Lamb on our side; and a million liters of French milk on their side. If there
are 3 million jobs involved in EU trade on our side, there are 6 million jobs
on their side at risk. Why do we go cap in hand and make concessions: all we
say is that any tariffs are reciprocal both ways. German Industry would simply
forbid the building of this tariff wall; so would French and Spanish
agriculture. World food prices are 15% lower than EU prices, even though the EU
prices have been subsidized. It would be suicide for EU to build a tariff
wall. And what about services, the only bit of our economy with a positive
balance of trade with the EU? They are not even in the single market.
@Rollo_ Suggest to read up on international trade.. Theoretically the UK could unilaterally abolish all tariffs (pity the poor farmers etc)and in that case one would be in the world described by the Economists for Brexit. The leader of this group is an eminent theoretical economist but with a world view that is rather different from your typical UK. Minford's world has a UK that after a long (and probably painful transition period (similar to what happened in Eastern Europe in the 1990's and before rebuilding under the EU umbrella began (compare that to non-EU Ukraina), become a very competitive economy (but with average incomes much lower than now (if converted into a basket of international currencies. The main mechanism of this transition would be high inflation combined with corrective devaluations, resulting in the almost complete disappearance of manufacturing (foreign firms would probably leave selectively since supply chains do not like this type of environment). Of course the unions would have a field day if this ever came about, one of the reasons that Minford never became more than an inspirational figure for the wise mrs Thatcher.
@Rollo_ how wrong we import more than we export a BMW would be surcharged on entry would that put BMW owner off perhaps a Sunderland Micra would do instead while our milk is surcharged in france making to more expensive than the locally available stuff the point you've lost is a BMW is a BMW milk is the same old where ever it is
@Rollo_ "It would be suicide for the EU to build a tariff wall" Why? The output going to Britain can be redirected, for instance. German industry is not going to forbid anything. They might protest and lobby but that would be it. Besides, no one knows what the new situation would be hence what would you know about possible responses to an unknown situation. Tariffs are only a small part of trade friction.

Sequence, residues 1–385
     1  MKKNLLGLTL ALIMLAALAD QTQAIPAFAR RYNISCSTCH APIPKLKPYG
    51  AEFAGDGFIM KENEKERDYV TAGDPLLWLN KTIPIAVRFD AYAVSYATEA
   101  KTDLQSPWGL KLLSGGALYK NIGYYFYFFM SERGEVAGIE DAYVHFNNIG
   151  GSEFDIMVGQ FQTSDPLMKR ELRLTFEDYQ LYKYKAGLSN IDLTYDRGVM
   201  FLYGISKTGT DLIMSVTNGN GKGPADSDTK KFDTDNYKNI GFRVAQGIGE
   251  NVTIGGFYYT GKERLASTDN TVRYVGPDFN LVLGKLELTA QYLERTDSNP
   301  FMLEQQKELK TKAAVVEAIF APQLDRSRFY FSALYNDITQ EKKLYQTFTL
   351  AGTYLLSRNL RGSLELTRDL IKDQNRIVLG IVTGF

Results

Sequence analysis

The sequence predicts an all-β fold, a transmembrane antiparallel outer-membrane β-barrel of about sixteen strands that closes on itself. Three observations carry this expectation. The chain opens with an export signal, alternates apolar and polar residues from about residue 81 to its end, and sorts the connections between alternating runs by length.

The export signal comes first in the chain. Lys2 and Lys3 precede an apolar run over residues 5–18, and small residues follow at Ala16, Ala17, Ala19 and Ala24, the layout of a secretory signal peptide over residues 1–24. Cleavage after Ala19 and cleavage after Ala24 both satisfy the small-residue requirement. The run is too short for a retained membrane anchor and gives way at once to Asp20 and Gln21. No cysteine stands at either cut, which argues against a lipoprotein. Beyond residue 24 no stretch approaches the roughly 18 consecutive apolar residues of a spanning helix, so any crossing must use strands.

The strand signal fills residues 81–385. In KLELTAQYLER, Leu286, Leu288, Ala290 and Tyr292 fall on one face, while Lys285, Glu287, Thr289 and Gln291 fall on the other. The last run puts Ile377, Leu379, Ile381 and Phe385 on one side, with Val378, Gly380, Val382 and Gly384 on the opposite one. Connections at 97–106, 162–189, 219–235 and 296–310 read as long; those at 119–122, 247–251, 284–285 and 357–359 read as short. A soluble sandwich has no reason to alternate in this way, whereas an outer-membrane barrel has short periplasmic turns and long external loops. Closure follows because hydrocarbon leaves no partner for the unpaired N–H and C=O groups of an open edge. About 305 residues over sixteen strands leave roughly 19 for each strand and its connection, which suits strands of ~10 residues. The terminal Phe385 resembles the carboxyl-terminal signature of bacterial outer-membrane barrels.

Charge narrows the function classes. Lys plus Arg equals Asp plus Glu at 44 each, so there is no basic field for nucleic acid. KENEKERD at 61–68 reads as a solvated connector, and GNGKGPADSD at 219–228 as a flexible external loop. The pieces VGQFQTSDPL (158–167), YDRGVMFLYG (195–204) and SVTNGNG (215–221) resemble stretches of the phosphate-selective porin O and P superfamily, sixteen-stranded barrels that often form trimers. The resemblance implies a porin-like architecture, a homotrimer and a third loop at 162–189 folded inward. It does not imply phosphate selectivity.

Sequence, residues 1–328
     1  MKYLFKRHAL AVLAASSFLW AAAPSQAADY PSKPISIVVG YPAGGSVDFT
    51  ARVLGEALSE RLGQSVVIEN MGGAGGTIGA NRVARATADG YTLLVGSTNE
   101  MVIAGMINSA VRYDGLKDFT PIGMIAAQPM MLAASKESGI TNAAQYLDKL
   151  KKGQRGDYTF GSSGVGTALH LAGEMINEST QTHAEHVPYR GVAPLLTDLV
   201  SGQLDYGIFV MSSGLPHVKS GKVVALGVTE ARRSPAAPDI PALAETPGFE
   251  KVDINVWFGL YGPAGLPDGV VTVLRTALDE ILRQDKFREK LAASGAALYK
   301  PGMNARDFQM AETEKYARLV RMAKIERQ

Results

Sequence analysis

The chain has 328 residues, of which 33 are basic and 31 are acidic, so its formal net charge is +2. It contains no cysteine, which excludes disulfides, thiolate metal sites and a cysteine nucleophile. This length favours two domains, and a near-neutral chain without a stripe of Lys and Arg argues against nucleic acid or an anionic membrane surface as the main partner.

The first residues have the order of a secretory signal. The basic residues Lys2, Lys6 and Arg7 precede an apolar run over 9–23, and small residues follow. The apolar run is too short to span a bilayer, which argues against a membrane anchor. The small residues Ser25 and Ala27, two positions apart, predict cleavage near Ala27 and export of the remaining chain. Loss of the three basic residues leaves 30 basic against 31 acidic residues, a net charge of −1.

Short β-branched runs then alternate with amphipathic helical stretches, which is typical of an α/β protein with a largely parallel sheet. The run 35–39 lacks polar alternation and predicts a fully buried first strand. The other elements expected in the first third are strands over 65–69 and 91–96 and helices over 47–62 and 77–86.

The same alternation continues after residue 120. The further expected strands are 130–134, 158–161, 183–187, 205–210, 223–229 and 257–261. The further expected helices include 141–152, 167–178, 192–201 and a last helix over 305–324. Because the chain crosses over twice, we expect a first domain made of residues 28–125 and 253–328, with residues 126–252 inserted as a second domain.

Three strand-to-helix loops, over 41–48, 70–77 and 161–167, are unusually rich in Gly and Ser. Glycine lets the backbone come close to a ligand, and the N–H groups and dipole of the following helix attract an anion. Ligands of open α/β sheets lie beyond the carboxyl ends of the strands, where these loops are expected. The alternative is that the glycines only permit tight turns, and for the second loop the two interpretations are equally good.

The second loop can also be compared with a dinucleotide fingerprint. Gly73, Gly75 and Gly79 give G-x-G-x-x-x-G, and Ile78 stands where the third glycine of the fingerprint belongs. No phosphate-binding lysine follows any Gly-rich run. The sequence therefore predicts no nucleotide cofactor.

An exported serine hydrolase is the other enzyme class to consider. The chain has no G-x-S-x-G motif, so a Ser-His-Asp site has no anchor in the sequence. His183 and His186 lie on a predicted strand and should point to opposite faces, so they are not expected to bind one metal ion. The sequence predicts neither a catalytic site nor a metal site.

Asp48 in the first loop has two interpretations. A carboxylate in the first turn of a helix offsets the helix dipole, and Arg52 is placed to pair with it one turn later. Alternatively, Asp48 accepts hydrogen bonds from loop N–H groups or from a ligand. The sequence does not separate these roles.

@Rollo_ What do think the WTO is
A Country can declare unilaterally to set 0% tariff on a type of product legally within the WTO. In a WTO scenario, this is something the UK government can do to significantly mitigate the costs for auto manufacturers, having them not hve to pay tariffs in imported components.
Why does OE never tell us the facts about the single market deficit, freely available on the ONS website? Or has OE never looked at the facts, just like every remainian in the country?
Davis should make no concession to have access to the single market, which shows a deficit running at £127 Billion per year. They should be paying, very substantially, to have access to our market. Surely ha must have learned from the Cameron School of Negotiation, which is to give everything away before you start, ask for precious little and get less?
@Rollo_ would wto tariff costs greater than our present contribution to the EU be an acceptable option or is that cutting of your nose to spite your face
I have only 1 simple question: in what would consist the final destination? Thank You
@laral as brexit means brexit nobody will ever know
@laral Expensive from here we're on our own
This quote comes from the UK2020 speech made by Owen Paterson, in November 2015. 'It is critical to remember that the economic SM and the political EU, are not one and the same thing. We are perfectly at liberty to pursue participation in the SM, without being saddled with the EU, as a political project'. What is surprising is that no one, not even Open Britain, has taken him to task on his flip flop, in disavowing the EEA route out of the EU.